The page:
Winston Churchill, then First Lord of the Admiralty, was unequivocal: Germany’s Zeppelin sheds had to be attacked. Churchill acknowledged that the resources at Britain’s disposal were “feeble”, but the strike against the Cuxhaven base on Christmas Day 1914 was a daring, and pioneering, mission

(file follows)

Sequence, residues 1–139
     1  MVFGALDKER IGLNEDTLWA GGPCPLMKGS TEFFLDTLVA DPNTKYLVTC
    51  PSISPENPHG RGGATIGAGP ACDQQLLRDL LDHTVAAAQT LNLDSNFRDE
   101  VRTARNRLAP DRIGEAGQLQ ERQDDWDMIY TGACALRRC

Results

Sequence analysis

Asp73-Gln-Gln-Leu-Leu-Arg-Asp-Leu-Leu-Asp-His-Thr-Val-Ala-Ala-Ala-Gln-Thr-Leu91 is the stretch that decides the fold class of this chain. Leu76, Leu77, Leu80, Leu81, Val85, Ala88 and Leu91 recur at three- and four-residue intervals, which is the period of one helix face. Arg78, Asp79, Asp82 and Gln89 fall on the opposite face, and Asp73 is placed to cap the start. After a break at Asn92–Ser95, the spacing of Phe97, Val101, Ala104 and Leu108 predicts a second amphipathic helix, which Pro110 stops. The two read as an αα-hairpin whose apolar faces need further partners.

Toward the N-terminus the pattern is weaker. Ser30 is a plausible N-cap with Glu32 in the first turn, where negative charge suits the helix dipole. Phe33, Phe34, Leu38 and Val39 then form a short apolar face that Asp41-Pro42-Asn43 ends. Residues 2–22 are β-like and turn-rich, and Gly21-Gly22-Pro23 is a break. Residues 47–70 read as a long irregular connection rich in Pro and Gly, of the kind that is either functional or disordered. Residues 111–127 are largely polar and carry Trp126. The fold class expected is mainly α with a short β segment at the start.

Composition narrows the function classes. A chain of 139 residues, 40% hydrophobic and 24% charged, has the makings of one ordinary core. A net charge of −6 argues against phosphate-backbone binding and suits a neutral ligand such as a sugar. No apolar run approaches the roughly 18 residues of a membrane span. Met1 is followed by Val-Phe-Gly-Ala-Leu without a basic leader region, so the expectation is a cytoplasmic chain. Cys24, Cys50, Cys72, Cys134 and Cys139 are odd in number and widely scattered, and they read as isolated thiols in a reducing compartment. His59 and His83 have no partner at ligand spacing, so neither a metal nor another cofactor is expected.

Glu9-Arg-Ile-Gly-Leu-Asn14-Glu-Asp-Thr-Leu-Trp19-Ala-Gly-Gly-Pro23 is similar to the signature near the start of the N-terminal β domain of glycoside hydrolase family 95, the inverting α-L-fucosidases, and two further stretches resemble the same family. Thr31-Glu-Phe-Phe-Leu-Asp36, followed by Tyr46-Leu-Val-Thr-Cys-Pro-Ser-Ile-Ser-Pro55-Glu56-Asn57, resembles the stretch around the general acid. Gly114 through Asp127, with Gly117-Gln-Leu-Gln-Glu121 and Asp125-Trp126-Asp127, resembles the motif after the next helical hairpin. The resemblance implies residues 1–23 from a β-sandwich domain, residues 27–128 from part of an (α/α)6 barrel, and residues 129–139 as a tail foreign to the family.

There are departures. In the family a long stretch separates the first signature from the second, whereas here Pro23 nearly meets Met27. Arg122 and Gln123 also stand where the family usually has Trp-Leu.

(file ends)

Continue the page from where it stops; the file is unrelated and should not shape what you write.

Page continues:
The date was 25 December 1914: the first Christmas Day of a dreadful war, the scale of which had never been seen before. Along a Western Front congealed from Switzerland to the Belgian coast, in places a brief truce began. But in the bitter North Sea off Germany a small British force prepared to strike at the enemy, in a first-ever combined operation to attack a land target using aircraft launched at sea.